3. Natalie P. March 30, 2007 12:36 am

    Alka, Alka, Alka, you are missing the point here – it’s portraying a DYStopian future. Not Utopian.   The not too-distant future is rife with stereotypes. Just like today. Quelle surprise.

    Hmmm… sometimes I like shallow movies filled with action and violence. I suppose Alka would suggest (from atop the soapbox) that is because I want confirm and reaffirm myths about masculinity? *snort*

    Sounds like intellectual wanking to me.

    I don’t know what movie YOU were watching, but I saw plenty in the movie that points to people accepting uncritically what we know to be wrong (that’s what gives it so much of its impact) – it just doesn’t sit there overtly sermonizing and moralizing about it.

    And as for “natural and universal ways” that women give birth and the movie being somehow biased or inaccurate because it shows Kee laying down, and OBVIOUSLY by that point people should, like, just KNOW that squatting is the right and proper way… except for that little fact that nobody has given birth for 18 years. Under those circumstances, I would find it highly unrealistic that there would be much knowledge at ALL about giving birth or breastfeeding for that matter.

    And speaking from personal experience, having popped two screaming tykes into this world, I can tell you that the LAST thing I would want to do is give birth on my feet squatting – and I *was* given the option. I’d have passed out. Not to mention the risk of tearing if there isn’t someone there to seriously slow the birth. The last thing I would want is my kid shooting out with the cord wrapped around his neck, using gravity to rip the placenta along the way…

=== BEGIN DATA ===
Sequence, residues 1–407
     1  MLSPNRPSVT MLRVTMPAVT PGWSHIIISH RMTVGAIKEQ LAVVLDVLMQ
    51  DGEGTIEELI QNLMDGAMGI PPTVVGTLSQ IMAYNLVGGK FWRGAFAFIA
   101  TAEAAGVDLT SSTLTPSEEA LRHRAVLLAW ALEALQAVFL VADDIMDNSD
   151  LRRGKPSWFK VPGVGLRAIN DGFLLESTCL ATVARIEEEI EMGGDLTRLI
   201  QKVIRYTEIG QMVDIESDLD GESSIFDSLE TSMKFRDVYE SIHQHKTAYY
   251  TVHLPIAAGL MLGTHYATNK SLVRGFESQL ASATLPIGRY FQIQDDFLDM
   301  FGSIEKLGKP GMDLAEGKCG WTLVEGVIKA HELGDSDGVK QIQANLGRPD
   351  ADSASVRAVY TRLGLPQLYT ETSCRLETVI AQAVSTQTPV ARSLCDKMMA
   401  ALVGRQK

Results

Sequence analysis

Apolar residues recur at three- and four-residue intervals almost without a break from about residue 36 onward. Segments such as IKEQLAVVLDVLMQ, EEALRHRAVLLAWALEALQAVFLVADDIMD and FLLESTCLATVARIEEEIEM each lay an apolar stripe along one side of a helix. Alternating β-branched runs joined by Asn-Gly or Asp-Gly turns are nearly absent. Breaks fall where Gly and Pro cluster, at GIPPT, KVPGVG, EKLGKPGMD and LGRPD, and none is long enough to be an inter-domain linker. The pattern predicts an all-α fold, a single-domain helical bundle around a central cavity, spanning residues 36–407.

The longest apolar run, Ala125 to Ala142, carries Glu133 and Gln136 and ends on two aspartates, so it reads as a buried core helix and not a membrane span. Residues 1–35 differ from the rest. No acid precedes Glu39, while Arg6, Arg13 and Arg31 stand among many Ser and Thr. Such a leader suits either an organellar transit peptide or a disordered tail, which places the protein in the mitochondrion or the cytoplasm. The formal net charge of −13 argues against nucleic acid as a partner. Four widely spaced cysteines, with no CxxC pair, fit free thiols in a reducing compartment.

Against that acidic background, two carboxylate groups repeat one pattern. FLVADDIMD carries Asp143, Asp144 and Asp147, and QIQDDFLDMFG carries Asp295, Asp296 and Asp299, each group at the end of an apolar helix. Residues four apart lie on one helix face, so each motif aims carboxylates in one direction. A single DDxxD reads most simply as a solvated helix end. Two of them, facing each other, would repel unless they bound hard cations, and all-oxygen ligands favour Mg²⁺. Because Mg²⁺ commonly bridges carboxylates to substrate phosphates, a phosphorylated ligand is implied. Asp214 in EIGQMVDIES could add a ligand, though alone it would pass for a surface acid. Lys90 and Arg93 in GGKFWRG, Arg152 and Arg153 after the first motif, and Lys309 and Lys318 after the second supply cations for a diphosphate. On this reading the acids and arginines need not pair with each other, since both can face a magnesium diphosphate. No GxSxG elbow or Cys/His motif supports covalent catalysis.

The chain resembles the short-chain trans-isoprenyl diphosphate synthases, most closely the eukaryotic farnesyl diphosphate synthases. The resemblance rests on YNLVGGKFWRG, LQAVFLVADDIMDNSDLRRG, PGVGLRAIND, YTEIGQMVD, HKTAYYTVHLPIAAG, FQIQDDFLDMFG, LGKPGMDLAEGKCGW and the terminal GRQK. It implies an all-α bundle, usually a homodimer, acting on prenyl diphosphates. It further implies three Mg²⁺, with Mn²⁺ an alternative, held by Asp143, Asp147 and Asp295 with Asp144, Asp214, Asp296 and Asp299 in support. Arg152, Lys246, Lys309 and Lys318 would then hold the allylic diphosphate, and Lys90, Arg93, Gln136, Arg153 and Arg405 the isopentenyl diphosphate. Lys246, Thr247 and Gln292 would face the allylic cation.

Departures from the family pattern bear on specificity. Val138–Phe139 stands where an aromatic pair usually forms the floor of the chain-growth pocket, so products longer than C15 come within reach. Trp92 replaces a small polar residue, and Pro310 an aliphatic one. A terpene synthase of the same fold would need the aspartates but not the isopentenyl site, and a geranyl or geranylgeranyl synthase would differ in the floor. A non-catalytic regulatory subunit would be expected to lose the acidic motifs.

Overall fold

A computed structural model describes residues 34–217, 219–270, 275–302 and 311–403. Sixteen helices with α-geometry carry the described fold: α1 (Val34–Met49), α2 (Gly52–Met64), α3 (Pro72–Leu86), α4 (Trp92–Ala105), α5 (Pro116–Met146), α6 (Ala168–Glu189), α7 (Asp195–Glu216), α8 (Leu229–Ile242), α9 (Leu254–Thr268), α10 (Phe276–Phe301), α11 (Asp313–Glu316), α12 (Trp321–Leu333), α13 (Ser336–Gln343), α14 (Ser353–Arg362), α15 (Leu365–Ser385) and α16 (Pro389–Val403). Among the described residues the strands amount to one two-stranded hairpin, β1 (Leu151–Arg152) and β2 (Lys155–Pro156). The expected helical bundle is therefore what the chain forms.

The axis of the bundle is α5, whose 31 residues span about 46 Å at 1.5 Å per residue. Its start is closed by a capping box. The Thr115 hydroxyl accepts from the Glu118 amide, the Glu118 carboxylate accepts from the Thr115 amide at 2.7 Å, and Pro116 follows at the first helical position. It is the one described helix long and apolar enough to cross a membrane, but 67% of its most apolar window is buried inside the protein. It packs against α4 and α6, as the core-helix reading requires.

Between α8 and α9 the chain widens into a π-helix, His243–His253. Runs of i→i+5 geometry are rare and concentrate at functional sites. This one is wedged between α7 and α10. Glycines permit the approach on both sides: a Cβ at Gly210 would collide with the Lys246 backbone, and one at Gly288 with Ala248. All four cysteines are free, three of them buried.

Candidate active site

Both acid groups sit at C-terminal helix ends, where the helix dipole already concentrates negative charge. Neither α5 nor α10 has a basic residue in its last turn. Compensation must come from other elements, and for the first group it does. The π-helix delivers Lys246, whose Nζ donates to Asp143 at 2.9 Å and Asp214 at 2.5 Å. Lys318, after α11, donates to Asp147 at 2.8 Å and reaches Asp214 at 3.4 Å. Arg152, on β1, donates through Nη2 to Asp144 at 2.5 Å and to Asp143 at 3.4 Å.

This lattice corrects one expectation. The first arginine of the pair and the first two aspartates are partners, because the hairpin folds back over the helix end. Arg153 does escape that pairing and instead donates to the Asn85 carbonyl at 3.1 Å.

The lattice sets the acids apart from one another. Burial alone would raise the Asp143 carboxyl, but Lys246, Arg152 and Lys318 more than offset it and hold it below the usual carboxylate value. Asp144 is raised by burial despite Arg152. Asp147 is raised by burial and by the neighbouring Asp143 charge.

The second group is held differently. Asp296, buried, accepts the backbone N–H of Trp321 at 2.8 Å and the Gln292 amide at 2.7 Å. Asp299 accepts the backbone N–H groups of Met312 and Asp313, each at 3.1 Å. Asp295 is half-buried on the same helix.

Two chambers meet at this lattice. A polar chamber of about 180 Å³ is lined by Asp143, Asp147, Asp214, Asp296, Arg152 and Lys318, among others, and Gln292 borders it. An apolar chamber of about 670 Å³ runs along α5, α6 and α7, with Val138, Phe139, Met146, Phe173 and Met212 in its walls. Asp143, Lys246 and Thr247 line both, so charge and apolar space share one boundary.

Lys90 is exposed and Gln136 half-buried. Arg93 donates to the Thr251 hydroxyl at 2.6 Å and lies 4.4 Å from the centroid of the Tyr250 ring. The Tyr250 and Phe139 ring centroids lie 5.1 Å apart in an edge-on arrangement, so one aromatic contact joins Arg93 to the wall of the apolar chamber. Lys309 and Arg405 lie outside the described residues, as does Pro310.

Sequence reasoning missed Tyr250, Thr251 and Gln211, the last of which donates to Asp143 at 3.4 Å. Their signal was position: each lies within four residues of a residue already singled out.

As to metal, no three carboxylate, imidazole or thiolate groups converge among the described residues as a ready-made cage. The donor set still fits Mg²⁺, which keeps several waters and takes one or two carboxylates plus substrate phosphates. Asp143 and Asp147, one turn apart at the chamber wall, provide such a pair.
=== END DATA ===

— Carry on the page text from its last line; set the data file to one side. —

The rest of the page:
What Alka’s “different perspective” reaffirms is that everybody and their dog has an agenda about how women should behave and what they should be doing – whether pregnant, or giving birth, or rearing children. It doesn’t mean that those agendas are valid, nor does it mean that they make any sense in the context of another person’s film.

  4. Chris B. November 19, 2008 9:51 pm

    Why did they decide to make the change from male infertility to female infertility? I assumed it was because male infertility is easier to get around, and would have been less apocalyptic, especially after the developments in reproductive technology since the book was written. Let’s face it, men are more disposable when it comes to reproduction. If every man on earth suddenly became completely infertile, there are still millions of sperm samples on ice which could be good for decades, and it might not take too long to develop viable human cloning techniques under such dire circumstances. So reproduction could continue on some level. But if every woman on earth suddenly became completely infertile . . . we’re screwed. That’s what makes the movie apocalyptic.